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Macroeconomic policy for pro-poor growth [Elektronische Ressource] / vorgelegt von Rolf Maier

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Macroeconomic Policy for Pro-Poor Growth Inaugural-Dissertation zur Erlangung des Grades Doctor oeconomiae publicae (Dr. oec. publ.) an der Ludwig-Maximilians-Universität München September 2004 vorgelegt von Rolf Maier Referent: Prof. Stephan Klasen, PhD Korreferent: Prof. Dr. Dalia Marin Promotionsabschlussberatung: 9. Februar 2005 Macroeconomic Policy for Pro-Poor Growth by Rolf Maier Submitted to the Department of Economics in partial fulfillment of the requirements for the degree of Doctor oeconomiae publicae (Dr. oec. publ.) at the Ludwig-Maximilians-University, Munich September 2004 Thesis Supervisor: Prof. Stephan Klasen, PhD Thesis Co-Supervisor: Prof. Dr. Dalia Marin Final Committee Consultation: 9. Februar 2005 Table of Contents General Introduction 1 Part I: External Debt and Pro-Poor Growth 6 1. Introduction 8 2. External debt and pro-poor growth 8 2.1 Literature review 8 2.2 Effects of external debt on pro-poor growth 13 3. Data sources and descriptive statistics 17 3.1 Data on income inequality measures 17 3.2 Debt indicators and additional macroeconomic variables 19 4. Pro-poor growth 22 5. Econometric specifications and estimations 23 5.1 Econometric specifications 23 5.1.1 System GMM estimation: level and first differenced equation 24 5.1.

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Macroeconomic Policy for Pro-Poor Growth




Inaugural-Dissertation
zur Erlangung des Grades Doctor oeconomiae publicae (Dr. oec. publ.)
an der Ludwig-Maximilians-Universität München


September 2004


vorgelegt von

Rolf Maier






Referent: Prof. Stephan Klasen, PhD
Korreferent: Prof. Dr. Dalia Marin
Promotionsabschlussberatung: 9. Februar 2005


Macroeconomic Policy for Pro-Poor Growth

by

Rolf Maier



Submitted to the Department of Economics
in partial fulfillment of the requirements for the degree of
Doctor oeconomiae publicae (Dr. oec. publ.)
at the Ludwig-Maximilians-University, Munich


September 2004







Thesis Supervisor: Prof. Stephan Klasen, PhD
Thesis Co-Supervisor: Prof. Dr. Dalia Marin
Final Committee Consultation: 9. Februar 2005


Table of Contents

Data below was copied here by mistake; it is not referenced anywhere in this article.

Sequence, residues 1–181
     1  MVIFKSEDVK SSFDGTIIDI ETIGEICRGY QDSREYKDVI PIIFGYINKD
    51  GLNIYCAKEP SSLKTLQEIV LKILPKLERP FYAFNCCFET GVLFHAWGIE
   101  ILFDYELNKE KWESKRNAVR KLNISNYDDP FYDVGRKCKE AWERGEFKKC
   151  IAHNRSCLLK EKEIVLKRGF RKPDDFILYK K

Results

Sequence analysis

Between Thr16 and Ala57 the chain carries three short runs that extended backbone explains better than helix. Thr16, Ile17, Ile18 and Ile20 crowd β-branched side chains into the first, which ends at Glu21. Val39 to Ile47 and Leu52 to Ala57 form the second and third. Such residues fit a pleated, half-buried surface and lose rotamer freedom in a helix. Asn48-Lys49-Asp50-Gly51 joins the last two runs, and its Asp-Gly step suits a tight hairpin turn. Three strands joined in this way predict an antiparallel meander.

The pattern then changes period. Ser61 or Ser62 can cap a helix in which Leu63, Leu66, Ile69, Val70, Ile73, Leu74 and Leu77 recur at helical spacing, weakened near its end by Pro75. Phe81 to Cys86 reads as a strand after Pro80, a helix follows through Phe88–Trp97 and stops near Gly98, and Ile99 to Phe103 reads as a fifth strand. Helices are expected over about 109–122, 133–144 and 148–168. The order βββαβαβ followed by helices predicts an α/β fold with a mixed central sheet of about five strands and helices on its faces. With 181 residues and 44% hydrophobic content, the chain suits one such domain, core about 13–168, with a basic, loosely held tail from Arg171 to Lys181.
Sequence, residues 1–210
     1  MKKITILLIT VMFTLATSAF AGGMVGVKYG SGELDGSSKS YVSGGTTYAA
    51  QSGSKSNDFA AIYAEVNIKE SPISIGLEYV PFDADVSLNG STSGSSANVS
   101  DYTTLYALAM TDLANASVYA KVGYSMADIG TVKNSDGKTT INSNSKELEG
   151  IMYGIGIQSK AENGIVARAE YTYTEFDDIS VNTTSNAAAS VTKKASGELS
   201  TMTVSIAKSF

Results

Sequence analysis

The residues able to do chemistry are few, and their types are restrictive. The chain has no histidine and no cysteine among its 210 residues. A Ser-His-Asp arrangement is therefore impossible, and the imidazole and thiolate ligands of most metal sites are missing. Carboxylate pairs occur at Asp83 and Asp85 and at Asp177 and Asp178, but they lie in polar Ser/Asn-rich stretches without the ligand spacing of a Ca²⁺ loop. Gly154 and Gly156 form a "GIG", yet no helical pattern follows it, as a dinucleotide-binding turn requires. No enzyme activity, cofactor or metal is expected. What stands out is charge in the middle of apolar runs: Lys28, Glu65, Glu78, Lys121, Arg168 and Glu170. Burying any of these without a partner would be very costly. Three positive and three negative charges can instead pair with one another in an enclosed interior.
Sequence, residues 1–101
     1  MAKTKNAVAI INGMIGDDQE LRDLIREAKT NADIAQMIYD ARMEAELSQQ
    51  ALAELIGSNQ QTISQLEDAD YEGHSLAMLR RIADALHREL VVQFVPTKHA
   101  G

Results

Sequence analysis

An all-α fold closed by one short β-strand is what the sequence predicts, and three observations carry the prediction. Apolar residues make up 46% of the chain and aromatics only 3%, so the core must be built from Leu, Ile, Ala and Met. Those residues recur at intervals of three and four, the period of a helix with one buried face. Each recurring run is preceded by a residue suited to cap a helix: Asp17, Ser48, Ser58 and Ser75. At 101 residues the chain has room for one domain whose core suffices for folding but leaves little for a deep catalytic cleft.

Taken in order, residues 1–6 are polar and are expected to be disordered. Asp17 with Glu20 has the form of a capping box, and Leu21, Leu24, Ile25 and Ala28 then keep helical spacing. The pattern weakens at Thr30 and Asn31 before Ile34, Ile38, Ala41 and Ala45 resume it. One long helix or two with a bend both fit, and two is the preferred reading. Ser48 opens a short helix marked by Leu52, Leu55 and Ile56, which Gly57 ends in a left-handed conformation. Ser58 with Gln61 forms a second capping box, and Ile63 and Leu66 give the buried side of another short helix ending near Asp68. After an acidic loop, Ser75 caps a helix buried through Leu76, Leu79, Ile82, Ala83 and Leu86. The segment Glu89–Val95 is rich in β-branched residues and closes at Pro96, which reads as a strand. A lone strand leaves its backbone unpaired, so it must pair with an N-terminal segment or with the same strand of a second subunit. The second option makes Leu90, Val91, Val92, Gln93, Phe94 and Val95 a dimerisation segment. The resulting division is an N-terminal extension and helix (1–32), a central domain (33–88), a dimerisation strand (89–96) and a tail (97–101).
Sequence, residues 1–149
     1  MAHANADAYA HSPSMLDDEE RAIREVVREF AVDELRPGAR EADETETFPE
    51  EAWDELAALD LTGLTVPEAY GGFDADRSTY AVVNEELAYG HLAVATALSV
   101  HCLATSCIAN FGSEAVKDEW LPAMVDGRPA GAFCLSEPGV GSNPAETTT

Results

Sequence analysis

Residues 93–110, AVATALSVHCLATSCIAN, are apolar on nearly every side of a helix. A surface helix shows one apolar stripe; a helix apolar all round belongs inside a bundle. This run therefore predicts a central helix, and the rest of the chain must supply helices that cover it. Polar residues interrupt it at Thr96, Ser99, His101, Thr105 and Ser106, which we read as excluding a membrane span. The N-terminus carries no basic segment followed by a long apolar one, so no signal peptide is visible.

General Introduction 1

Part I: External Debt and Pro-Poor Growth 6

1. Introduction 8

2. External debt and pro-poor growth 8

2.1 Literature review 8
2.2 Effects of external debt on pro-poor growth 13

3. Data sources and descriptive statistics 17

3.1 Data on income inequality measures 17
3.2 Debt indicators and additional macroeconomic variables 19

4. Pro-poor growth 22

5. Econometric specifications and estimations 23

5.1 Econometric specifications 23
5.1.1 System GMM estimation: level and first differenced equation 24
5.1.2 Growth equation: pooled OLS, fixed effects or random effects estimation 26

5.2 Econometric issues 27

5.3 Estimation strategy and results 30
5.3.1 Debt indicators and pro-poor growth: distribution effect 30
5.3.2 Debt indicators and pro-poor growth: total effect 36

6. Conclusion 38

References 41

Tables 46


I Part II: Exchange Rate Regimes and Pro-Poor Growth 71

1. Introduction 73

2. Exchange rate regimes and pro-poor growth 74

2.1 Literature review 74
2.2 Effects of exchange rate regimes and pro-poor growth 77

3. Data sources and descriptive statistics 80

3.1 Data on income inequality measures 80
3.2 Classifications of exchange rate regimes and descriptive statistics 83
3.3 Data on additional macroeconomic variables 87

4. Pro-poor growth 88

5. Econometric specifications and estimations 90

5.1 Econometric specifications 90
5.1.1 System GMM estimation: level and first differenced equation 90
5.1.2 Growth equation: pooled OLS, fixed effects or random effects estimation 92

5.2 Econometric issues 94

5.3 Estimation strategy and results 96
5.3.1 Exchange rate regimes and pro-poor growth: distribution effect 97
5.3.2 Exchange rate regimes, pro-poor growth, currency crises and 101
capital controls: distribution effect
5.3.3 Exchange rate regimes, pro-poor growth, inflation and 102
output volatility: distribution effect
5.3.4 Exchange rate regimes, pro-poor growth, and additional 103
macroeconomic variables: distribution effect
5.3.5 Exchange rate regimes, pro-poor growth, and additional 105
macroeconomic variables: total effect

6. Conclusion 108

References 111

Tables 117
II Part III: Trade Policy and Pro-Poor Growth 152

1. Introduction 153

2. Trade Policy and Pro-Poor Growth 155

2.1 Channels of trade liberalization on poverty 155
2.2 Empirical evidence 159

3. Data 161

3.1 Indicators of trade policy and openness 161
3.2 Data on income inequality measures and additional
macroeconomic variables 163

4. Pro-Poor Growth 167

5. Econometric Specifications and Estimation 169

5.1 Econometric Specifications 169
5.1.1 System GMM estimation: level and first differenced equation 169
5.1.2 Growth equation: pooled OLS, fixed effects or random effects estimation 171

5.2 Econometric issues 172

5.3 Estimation strategy and results 175
5.3.1 Openness indicators and pro-poor growth: distribution effect 175
5.3.2 Openness indicators, interaction term and pro-poor growth: distribution effect 177
5.3.3 Openness indicators and pro-poor growth: total effect 180
5.3.4 Openness indicators, interaction term and pro-poor growth: total effect 183

6. Conclusion 184

References 188

Tables 192

General Conclusion 229


III Acknowledgements


First of all, I thank Professor Stephan Klasen, PhD, for his professional guidance and valuable
critics. Without his open-mindedness with respect to my research interests, the doctoral thesis
would surely not have taken place. Furthermore, I thank Professor Dr. Dalia Marin for her
willigness to be the co-supervisor.

I have benefited from discussions with participants of the empirical research seminar, the
faculty, and with conference members at CESifo, which I want to thank. In addition, I would like
to acknowledge John Harlin and Kelvin Hawthorne for their kindness to proof-read parts of my
work.

I am in deep debt of my father Eberhard Maier, without his bequest this doctoral thesis would
not have been possible. I also thank my mother Ursula Haseidl and my sister Andrea Rösler for
their moral and emotional support. Finally, I thank Marianne for participating in this exciting
adventure.